In the first part of his career Batoni was best known for his history paintings and he became one of the most refined practitioners of the Roman grand manner descending from Raphael (1483–1520) and the baroque classicism of Maratti (1625–1713). The climax of his career as a history painter was the Fall of Simon Magus (1746–55) painted for Saint Peter’s and today in Santa Maria degli Angeli. With its sparkling technique and sense of drama the painting is much less academic than others of the Maratti school. A later subject picture Alexander and the family of Darius (Potsdam) is more severe in its relief composition and accords well with the work of Mengs (1728–79) and other early neo-classical painters in Rome.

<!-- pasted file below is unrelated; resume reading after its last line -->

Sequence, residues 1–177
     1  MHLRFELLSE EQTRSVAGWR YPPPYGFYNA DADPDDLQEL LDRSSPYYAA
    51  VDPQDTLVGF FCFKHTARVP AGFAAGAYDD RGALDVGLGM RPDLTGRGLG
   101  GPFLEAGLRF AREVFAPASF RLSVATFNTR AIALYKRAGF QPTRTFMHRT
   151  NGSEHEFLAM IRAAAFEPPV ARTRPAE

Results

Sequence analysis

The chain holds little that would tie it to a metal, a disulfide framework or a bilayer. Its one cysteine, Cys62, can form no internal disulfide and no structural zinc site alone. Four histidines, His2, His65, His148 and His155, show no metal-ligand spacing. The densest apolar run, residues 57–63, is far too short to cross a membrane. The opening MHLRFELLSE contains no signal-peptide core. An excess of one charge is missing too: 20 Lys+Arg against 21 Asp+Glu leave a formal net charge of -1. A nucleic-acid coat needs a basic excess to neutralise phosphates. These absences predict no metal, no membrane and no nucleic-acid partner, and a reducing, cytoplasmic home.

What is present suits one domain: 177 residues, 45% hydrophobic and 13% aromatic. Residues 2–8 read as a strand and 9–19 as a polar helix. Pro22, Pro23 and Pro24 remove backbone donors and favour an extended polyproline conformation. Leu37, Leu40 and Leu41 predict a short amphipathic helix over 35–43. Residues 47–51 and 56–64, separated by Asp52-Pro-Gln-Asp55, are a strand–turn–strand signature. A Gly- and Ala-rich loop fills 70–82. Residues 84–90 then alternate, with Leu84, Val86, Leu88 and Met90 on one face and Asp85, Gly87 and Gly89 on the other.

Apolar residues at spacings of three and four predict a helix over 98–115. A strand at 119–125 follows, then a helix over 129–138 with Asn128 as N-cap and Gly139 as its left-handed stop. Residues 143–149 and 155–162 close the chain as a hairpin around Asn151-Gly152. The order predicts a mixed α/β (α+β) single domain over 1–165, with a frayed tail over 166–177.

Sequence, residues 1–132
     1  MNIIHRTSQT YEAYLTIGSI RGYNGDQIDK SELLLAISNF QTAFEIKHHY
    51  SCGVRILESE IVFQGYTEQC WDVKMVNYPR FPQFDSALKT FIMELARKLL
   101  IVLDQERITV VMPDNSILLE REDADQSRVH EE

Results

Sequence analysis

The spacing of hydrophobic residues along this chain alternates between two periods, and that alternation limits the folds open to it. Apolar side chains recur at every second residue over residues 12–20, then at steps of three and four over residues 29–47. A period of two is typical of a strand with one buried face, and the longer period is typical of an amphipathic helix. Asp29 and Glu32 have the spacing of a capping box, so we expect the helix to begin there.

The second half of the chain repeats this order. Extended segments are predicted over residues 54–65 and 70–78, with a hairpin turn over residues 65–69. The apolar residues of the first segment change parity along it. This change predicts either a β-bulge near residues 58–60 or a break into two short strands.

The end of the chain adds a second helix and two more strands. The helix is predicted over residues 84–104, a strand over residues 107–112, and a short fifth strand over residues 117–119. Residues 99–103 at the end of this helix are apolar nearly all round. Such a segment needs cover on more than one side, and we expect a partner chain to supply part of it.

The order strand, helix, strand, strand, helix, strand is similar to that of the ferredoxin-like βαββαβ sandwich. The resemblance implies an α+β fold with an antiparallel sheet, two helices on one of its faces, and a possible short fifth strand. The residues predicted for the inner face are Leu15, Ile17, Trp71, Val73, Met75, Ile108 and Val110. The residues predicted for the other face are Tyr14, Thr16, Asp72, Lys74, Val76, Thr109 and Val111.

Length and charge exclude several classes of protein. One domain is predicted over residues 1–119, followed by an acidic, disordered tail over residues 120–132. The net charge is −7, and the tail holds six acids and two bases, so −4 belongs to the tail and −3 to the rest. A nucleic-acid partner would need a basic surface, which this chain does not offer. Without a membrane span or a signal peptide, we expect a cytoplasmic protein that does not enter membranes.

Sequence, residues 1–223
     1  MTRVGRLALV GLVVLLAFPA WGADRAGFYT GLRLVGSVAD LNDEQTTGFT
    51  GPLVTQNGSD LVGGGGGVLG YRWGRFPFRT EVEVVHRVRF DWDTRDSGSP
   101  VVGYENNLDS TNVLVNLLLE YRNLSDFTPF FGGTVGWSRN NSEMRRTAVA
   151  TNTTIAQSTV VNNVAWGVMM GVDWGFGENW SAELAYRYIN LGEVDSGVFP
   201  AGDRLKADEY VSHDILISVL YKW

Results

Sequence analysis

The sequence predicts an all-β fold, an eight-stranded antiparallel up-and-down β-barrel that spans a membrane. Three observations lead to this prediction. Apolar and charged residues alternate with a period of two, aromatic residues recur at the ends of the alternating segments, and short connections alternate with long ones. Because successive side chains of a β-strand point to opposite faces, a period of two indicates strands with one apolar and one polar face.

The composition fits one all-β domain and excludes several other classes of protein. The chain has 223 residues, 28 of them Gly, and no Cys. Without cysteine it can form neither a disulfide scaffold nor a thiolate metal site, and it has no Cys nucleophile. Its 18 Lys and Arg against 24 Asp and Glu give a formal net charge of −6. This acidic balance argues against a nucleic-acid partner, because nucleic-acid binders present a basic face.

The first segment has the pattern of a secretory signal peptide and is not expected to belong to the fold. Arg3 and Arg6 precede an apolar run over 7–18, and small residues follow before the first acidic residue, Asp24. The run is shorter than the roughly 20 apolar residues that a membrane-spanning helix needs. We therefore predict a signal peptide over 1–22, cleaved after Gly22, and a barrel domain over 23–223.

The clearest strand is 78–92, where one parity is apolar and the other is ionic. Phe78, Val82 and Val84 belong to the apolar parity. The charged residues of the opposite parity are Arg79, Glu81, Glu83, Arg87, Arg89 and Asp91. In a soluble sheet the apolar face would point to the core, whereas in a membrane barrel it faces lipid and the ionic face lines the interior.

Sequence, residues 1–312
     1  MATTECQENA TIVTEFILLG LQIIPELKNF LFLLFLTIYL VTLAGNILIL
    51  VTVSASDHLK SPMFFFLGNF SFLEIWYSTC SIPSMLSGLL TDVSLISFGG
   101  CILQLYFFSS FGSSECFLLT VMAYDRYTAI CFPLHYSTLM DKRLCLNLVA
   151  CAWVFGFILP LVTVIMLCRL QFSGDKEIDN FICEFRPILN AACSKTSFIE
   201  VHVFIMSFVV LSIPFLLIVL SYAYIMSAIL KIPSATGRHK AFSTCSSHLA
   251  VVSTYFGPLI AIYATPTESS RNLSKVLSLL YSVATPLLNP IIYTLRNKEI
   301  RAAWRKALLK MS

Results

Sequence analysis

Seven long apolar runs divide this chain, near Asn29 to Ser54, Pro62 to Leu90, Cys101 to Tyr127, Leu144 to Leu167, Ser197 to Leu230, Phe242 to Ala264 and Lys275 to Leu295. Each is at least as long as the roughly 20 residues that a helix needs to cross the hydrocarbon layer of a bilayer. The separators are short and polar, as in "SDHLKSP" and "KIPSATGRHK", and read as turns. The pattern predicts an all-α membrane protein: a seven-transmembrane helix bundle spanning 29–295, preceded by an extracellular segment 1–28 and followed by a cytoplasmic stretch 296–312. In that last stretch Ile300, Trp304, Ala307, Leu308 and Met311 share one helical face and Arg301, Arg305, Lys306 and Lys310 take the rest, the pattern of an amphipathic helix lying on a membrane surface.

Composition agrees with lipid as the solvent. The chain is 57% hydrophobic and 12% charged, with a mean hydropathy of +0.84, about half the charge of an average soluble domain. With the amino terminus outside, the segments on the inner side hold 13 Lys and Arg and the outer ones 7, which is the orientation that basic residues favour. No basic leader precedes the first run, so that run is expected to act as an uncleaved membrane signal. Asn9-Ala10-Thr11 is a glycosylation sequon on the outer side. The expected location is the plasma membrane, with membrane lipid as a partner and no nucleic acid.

As a portraitist Batoni painted grandees from across Europe but his best clients were the British, who had more money than most. Some, like the Earl of Exeter, bought contemporary grand manner paintings and other antiquities, but most were casual collectors who went to Italy to have fun at moderate cost and acquire some educational polish which they could air back home. A portrait commissioned from Batoni at least proved they had some contact with the cultural life of Rome, beyond drinking, gambling and wenching. Many of his portraits are populated in the background by famous antiquities or architectural sites. Batoni was held to achieve a very good likeness and his portraits are far from formulaic, revealing, in a reticent and tasteful way, differing personalities and slight variations of status. The full lengths are among the most memorable, like the Earl of Northampton (Fitzwilliam Museum, Cambridge) standing by a bust of Minerva playing with a greyhound. Sir Wyndham Knatchbull-Wyndham (Los Angeles County Museum of Art) and the Earl of Leicester (Holkham) are dressed up in Van Dyck costume, in homage to much loved court painter of Charles I. The Scottish sitter Sir William Gordon (Fyvie Castle) stands flamboyant with kilt and sword like a highland chieftain though his kilt looks a bit too silky and Italian. More dignified is the group of Sir Watkin Wynn and Companions(National Museum of Wales, Cardiff) Sir Watkin owned great parts of Wales and was a patron of the arts. His companions do not defer to him, since though less important, they too are gentlemen and, in that respect, his equal. A sensitive and beguiling half length is the musical John Lord Brudenell in the Buccleuch collection. In his last portraits, like the Princess Giustiniani (Scottish National Gallery, Edinburgh), the looser and broader handling introduces a new intimacy and directness.